Section 2: References and Sources (Social Media)

By | November 12, 2019

Social Media: Are UK Teenagers Addicted to Social Media?

Links, References and Sources

This list includes sources cited in the discussion plus additional sources. (Dates in British format. )

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BBC News. (4 Jul 2018) Social media apps are ‘deliberately’ addictive to users. UERL: [retrieved: 12/11/19]

Cassell, J. & Cramer, M. (2007) Hi Tech or High Risk? Moral Panics about Girls Online. In Digital Youth, Innovation, and the Unexpected: The MacArthur Foundation Series on Digital Media and Learning (ed. T. MacPherson), 53-75. Cambridge, MA: MIT Press. Author’s  copy here: [retrieved 11/11/19]

Denworth, L. (Nov 2019). Social Media Has Not Destroyed a Generation: New findings suggest angst over the technology is misplaced. Scientific American. URL: [retrieved: 12/11/19] [paywall]

🌟 A similar version of the same material is on Vox (16/5/19). URL: [retrieved: 13/11/19]

Dots, Dashes, and Dating Apps (7 Aug 2019) The Secret History of the Future.  [retrieved 11/11/19]

Durkee, T. et al. (2012) ‘Prevalence of pathological internet use among adolescents in Europe: demographic and social factors’, Addiction, 107(12), pp. 2210–2222. [firewall]

Eurogamer (6th Oct 2019)’ New legal challenge accuses Epic of “knowingly” creating the “very, very addictive game”, Fortnite. URL: [retrieved 12/11/19]

Eyal, N. (2014). Hooked: How to Build Habit-Forming Products. Penguin Books.  URL: [retrieved: 12/11/19]

Eyal, N. (2019).  Indistractable: How to Control Your Attention and Choose Your Life. Bloomsbury Publishing. URL: [retrieved: 12/11/19]

Eyal, N. (12 Oct 2019) ‘Stop the email ping-pong’: nine ways to avoid digital distraction. Guardian. URL: [retrieved: 12/11/19]

Goldberg, I (no date) Obituary: The Late Ivan Goldberg, MD. URL: [retrieved 12/11/19]

McLaren, L. (4 Aug 2019). Innocence lost: what did you do before the internet?. Guardian. URL: [retrieved: 12/11/19]

Mills, K.L. (2016) ‘Possible effects of internet use on cognitive development in adolescence’. Media and Communication, 4 (3), 4–12. [retrieved 11/11/19]

Newport, C. (2019). Digital Minimalism: On Living Better with Less Technology. Penguin Books. URL: Audio Book: [retrived 12/1/19]

Orben, A (2019). Personal academic website. [retrieved [11/11/19]

Orben, A and Przybylski, A.K. (Jan 2019). The association between adolescent well-being and digital technology use. (Review proof). URL: [retrieved 11/11/19]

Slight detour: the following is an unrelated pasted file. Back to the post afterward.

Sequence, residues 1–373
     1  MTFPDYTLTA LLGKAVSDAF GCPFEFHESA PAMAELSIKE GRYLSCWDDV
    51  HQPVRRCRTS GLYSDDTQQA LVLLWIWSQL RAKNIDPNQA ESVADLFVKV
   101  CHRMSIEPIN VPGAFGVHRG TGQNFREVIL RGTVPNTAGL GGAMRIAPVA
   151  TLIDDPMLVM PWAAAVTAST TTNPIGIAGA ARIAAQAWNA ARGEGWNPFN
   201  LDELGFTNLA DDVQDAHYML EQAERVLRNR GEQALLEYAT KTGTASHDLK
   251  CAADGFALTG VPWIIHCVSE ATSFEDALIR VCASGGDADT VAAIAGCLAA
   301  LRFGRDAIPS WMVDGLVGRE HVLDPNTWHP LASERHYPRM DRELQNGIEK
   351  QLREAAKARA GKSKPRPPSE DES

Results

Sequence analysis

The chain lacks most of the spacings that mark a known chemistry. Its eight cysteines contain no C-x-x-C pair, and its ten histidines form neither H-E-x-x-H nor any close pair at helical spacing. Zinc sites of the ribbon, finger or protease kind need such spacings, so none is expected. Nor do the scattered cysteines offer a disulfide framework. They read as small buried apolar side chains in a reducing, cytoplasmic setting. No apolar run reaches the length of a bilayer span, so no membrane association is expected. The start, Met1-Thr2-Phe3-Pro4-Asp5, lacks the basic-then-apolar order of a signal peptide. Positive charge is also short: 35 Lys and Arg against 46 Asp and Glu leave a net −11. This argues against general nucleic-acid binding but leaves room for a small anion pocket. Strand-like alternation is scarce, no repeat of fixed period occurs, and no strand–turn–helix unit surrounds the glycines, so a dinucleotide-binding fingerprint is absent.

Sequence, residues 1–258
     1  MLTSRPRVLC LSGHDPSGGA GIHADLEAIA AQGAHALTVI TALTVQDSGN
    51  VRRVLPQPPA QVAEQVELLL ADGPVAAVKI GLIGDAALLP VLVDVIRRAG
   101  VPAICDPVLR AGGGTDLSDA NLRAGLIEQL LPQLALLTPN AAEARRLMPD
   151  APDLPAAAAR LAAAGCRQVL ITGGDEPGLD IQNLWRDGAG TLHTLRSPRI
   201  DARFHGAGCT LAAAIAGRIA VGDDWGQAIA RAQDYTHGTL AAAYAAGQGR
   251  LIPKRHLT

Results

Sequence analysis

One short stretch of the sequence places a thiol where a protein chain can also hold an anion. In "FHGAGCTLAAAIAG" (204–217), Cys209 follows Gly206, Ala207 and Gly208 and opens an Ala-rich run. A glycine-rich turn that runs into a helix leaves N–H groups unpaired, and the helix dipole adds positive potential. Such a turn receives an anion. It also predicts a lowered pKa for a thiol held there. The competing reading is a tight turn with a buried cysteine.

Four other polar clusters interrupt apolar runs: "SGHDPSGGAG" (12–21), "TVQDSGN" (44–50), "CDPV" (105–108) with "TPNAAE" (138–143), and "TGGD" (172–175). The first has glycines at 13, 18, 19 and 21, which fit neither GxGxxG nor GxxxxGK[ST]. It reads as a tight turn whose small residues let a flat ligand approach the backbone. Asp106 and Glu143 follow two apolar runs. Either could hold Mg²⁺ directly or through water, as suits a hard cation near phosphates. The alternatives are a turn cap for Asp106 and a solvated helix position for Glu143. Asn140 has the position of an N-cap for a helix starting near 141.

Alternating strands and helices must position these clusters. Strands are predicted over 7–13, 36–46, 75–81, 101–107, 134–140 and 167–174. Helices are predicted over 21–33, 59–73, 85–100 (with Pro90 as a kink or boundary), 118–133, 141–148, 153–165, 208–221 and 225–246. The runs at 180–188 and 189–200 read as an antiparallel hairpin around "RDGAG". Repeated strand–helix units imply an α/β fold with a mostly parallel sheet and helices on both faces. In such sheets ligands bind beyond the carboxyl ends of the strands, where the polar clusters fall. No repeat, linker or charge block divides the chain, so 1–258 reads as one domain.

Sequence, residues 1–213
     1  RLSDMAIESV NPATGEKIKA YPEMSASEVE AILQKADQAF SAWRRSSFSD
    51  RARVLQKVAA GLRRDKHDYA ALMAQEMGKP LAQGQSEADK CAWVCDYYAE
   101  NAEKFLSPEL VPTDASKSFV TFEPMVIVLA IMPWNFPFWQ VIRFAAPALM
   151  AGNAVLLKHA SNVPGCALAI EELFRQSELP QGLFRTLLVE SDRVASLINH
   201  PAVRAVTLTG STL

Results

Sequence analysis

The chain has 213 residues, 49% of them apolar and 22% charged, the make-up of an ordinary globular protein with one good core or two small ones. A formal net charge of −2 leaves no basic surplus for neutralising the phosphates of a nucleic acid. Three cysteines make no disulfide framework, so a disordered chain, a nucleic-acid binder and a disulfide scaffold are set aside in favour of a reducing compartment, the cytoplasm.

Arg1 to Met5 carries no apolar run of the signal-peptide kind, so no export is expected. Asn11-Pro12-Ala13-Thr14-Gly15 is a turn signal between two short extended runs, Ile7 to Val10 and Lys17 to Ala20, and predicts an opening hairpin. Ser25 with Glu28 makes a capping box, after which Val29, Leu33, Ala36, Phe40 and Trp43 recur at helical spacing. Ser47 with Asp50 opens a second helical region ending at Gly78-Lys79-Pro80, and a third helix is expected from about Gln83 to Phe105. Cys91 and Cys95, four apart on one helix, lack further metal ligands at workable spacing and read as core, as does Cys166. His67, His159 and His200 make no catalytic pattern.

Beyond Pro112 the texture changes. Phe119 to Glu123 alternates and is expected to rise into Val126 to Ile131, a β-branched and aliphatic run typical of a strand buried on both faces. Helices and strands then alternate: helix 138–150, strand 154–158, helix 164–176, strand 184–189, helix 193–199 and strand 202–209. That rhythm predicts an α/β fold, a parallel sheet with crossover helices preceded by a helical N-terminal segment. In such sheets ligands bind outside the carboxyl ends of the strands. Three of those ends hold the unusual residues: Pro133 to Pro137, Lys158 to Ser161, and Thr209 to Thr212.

Packard, V. (1957, reprint 2007). The Hidden Persuaders. Ig Publishing. URL: [retrieved 12/11/19]

Parenting for a Digital Future. [retrieved 11/11/19]

Pillar Boxes. [retrieved 11/11/19]

Przybylski, A.K. (July 2019) Is technology addiction a myth?  [retrieved 11/11/19]

Sharples, M., Graber, R., Harrison, C., & Logan, K. (2009). E‐safety and Web 2.0 for children aged 11–16. Journal of Computer Assisted Learning, 25(1), 70-84.URL: [retrieved 11/11/19]

Strittmatter, E. et al. (2016) ‘A 2-year longitudinal study of prospective predictors of pathological Internet use in adolescents’, European Child and Adolescent Psychiatry. KG, 25(7), pp. 725–734. [firewall]

The Trouble with ‘Screentime’ Rules. (8th June 2017).  Blog: Parenting for a Digital Future. [retrieved 11/11/19]

Turvey, K. (19 Sep 12019) Tweet [retrieved 11/11/19]

Turvey, K. (19 Sep 2019) Tweet Thread Unroll. [retrieved 11/11/19]

Turvey, K. and Pachler, N. (no date) Chapter 4.2: Tablet devices in education-beyond face-value. URL: [retrieved 11/11/19] [pre-print copy]

Twenge, J. (Sep 2017)  Have Smartphones Destroyed a Generation? The Atlantic. URL: [retrieved: 12/11/19]

Wallis, D. (13 Jan 1997). Just Click No: Dr. Ivan K. Goldberg and the Internet Addiction Disorder. URL: [retrieved 12/11/19]

Wu, T. (2016). The Attention Merchants: The Epic Scramble to Get Inside our Heads. Penguin Books. URL: [retrieved 12/11/19]

Zuboff, S. (2019). The Age of Surveillance Capitalism: The Fight for a Human Future at the New Frontier of Power. Profile Books

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